• Ooh, Me Accent's Slipping: Rod Taylor keeps lapsing into his natural Australian accent in the last half-hour.
  • Pretty in Mink: Melanie dons a fur coat for much of the film.
  • Reality Has No Soundtrack: Uses diegetic sounds and electronic bird noises in place of a musical score.
  • Riddle for the Ages:
    • Why the birds attacked and whether it has anything to with the two birds Melanie bought at the start is never addressed.
    • Why the chickens wouldn't eat is never explained.
  • Rule of Symbolism: The story practically invites you to interpret the birds as an allegory for whatever you find threatening in the real world. Especially the restaurant scene, where you have unresolved arguments between someone who thinks the world is doomed, someone who denies that the threat could even exist, someone who claims the threat has always existed, and someone who points out that the important thing is to try to stop the threat. Especially keeping in mind that the original short story was allegedly inspired by the Nazi air raids on Britain during World War II.
  • Scenery Porn: Hitchcock and cinematographer Robert Burks make good use of the photogenic Northern California coastline.
  • Screw This, I'm Outta Here: A mother dining in the cafe with her two children overhears Melanie explain about what happened at the school and tries to hitch a ride with another diner patron. Unfortunately for her, the birds attack again and her would-be driver picks a really bad time to light a cigar.
  • Species Title: An Antagonist Title about a murder of various birds.
  • Stupid Scientist: At one point the main characters meet Mrs Bundy, an ornithologist, who denies that the birds of various species are going out of their way to attack humans. She is seen with the other diner patrons after the first truly large-scale attack. She doesn't say anything, instead simply huddling against a wall and glancing over her shoulder. It's pretty obvious that she's realized how wrong she was.
  • Suicide Attack: Whether or not they know they'll be killed, some birds die ramming onto doors and glass.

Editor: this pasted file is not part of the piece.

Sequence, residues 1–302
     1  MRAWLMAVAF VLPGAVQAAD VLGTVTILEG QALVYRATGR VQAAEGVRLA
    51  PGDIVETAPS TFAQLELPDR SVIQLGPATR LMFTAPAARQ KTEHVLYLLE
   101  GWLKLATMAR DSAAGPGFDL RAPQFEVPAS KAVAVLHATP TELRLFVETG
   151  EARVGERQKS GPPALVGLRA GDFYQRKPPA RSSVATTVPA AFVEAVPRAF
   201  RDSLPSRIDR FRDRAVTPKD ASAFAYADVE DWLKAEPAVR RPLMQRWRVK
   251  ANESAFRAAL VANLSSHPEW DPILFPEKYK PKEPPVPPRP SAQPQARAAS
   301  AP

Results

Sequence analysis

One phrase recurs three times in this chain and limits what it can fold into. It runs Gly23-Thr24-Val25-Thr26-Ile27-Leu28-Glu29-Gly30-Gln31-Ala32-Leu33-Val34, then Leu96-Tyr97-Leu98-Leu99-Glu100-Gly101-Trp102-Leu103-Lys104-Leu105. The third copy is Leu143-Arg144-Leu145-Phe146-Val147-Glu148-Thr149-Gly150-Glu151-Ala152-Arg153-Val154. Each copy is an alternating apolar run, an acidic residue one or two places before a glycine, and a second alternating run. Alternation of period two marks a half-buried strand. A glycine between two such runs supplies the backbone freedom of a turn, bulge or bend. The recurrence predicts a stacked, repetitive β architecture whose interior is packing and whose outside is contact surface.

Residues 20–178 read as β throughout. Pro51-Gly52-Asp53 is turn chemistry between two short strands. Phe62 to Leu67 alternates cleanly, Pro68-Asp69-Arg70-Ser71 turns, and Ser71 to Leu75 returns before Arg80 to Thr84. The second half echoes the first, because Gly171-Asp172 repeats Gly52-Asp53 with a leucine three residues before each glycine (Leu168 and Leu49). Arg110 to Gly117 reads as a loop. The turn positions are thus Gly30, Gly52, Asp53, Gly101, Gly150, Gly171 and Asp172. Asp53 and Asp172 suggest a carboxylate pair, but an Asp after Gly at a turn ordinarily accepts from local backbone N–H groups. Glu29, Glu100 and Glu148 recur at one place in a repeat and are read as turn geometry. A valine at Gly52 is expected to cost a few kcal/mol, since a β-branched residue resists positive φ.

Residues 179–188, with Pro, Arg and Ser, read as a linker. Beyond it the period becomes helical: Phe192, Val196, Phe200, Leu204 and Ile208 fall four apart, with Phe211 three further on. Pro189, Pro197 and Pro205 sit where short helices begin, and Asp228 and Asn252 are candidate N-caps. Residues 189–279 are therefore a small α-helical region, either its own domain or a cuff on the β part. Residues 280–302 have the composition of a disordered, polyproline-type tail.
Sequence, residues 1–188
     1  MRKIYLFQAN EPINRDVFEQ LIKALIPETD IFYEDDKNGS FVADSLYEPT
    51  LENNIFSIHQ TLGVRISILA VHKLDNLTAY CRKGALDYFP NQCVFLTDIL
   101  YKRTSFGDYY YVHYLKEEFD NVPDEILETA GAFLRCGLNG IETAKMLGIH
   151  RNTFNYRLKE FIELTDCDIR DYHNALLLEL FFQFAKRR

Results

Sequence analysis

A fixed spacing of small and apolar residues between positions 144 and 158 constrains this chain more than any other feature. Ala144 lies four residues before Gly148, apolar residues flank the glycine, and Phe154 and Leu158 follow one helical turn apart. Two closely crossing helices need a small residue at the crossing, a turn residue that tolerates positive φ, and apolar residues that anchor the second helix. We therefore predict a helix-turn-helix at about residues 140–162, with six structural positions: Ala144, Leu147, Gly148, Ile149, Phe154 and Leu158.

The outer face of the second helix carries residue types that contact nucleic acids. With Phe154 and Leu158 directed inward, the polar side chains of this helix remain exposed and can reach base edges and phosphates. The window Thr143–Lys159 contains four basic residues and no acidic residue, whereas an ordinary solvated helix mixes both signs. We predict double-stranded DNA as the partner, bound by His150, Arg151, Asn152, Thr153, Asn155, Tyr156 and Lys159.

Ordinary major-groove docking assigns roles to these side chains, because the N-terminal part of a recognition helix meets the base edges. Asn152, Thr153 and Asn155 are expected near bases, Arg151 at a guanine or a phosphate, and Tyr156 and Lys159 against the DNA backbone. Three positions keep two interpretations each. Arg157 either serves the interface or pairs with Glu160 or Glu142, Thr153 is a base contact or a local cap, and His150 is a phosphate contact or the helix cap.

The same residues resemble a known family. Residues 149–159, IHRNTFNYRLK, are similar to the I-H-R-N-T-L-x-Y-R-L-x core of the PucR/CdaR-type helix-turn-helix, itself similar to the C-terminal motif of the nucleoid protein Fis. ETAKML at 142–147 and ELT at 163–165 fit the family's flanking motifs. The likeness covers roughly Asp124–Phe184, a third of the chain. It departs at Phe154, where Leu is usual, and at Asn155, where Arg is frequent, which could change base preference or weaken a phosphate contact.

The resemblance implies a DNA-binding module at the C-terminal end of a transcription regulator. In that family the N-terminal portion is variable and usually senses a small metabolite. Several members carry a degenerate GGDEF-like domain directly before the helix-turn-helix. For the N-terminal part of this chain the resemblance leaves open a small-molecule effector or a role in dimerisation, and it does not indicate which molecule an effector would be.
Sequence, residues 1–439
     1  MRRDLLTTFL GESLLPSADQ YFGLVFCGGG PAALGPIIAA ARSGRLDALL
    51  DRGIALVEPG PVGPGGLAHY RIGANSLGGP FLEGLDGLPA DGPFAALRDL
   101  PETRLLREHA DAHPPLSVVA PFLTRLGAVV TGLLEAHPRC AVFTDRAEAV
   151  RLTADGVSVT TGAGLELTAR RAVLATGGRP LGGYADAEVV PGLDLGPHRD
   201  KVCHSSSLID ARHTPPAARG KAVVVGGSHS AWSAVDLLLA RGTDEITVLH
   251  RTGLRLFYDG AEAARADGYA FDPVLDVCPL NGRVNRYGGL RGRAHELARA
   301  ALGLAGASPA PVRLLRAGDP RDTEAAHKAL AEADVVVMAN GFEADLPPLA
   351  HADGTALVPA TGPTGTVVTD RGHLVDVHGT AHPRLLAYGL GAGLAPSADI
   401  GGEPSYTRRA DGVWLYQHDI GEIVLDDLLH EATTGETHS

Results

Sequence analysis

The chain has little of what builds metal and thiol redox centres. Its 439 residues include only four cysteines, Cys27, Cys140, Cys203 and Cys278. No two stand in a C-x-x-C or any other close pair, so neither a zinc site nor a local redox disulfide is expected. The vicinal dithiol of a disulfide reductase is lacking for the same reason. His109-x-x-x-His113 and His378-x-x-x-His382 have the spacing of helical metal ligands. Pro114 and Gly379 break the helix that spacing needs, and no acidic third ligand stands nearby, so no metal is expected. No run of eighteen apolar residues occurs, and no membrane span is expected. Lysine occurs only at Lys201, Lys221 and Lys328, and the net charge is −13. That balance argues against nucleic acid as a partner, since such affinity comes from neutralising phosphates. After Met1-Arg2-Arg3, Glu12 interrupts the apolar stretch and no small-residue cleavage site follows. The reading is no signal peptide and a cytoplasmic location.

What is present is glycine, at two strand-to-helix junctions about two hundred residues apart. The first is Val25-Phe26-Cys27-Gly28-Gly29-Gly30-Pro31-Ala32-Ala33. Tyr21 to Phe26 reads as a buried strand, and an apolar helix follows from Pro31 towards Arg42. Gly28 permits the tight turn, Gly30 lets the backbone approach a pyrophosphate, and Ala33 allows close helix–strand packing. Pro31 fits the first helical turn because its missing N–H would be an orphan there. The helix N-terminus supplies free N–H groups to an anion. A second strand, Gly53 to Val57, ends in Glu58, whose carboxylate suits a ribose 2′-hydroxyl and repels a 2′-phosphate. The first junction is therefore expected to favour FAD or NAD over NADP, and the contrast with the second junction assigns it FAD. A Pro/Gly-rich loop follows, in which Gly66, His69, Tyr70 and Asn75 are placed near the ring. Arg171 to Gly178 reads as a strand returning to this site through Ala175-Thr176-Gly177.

• Too Dumb to Live:
    • May also apply to the guy from the bar in the gray hat and suit who was ranting about how nasty birds were before going out to lead the lady with her kids out of the town, who lights his cigar over spilled gas which he somehow didn't notice as a result of the attacking birds. Given that he was also kind of a jerk he may also count as an Asshole Victim.
    • None of the characters takes even basic precautions against getting pecked bloody, such as wearing gloves or wrapping their arms with cloth.
  • Unbuilt Trope:
    • It's truly amazing how similar some moments in this movie are to a zombie horror film. With the masses of weak but overwhelming killers, the shock at the outlandish idea that such creatures could ever attack, barricading houses and hysterical survivors, you could easily see this as Hitchcock putting his own stamp on the conventions... but zombie movies wouldn't come about for another five years.
    • One of the earliest films to use Developing Doomed Characters. Except here the horror comes as part of a Halfway Plot Switch, the attacks build up and the developing is all about justifying why Melanie is in Bodega Bay in the first place.
  • The Unreveal: We never do learn exactly what is causing the birds to attack.
  • Vomit Discretion Shot: When Cathy starts coughing and acting like she's nauseous after a bird attack, Melanie takes her to the bathroom, and while we don't see what's going on, we can hear Cathy getting sick.
  • Wham Shot: Of the man's eyes pecked out.
  • What Happened to the Mouse?: Melanie gets a pet for her aunt that she is implied to pick up before she buys Cathy the love birds. She says later that she was going to teach it to talk before giving it to her aunt, implying it's back in her apartment in San Francisco. She had only planned to stay in Bodega Bay a couple of hours, which means the pet went the whole weekend without food (unless Melanie phoned a friend to look in on it). Fridge Horror if that one went ballistic like the other birds too.
  • Wolf Whistle: In the opening scene Melanie gets one of these from a little kid, to whom she turns and smiles. This was apparently an Actor Allusion to a diet soda commercial Tippi Hedren had appeared in, which Hitchcock had seen.
  • Would Hurt a Child: The first two mass bird attacks happen to groups of children.
  • Wrong Genre Savvy: Melanie thinks she's the plucky heroine of a frothy Romantic Comedy, with her fondness for playing pranks and her Stalker with a Crush treatment of Mitch. Once the Halfway Plot Switch happens, she realizes this isn't the case anymore.
  • Zerg Rush: Once the birds get wound up in large numbers, this becomes their favorite tactic.


Video Example(s):


The Birds

Type B. This movie could be seen as the Trope Codifier.

How well does it match the trope?

5 (11 votes)

Example of:

Main / FeatheredFiend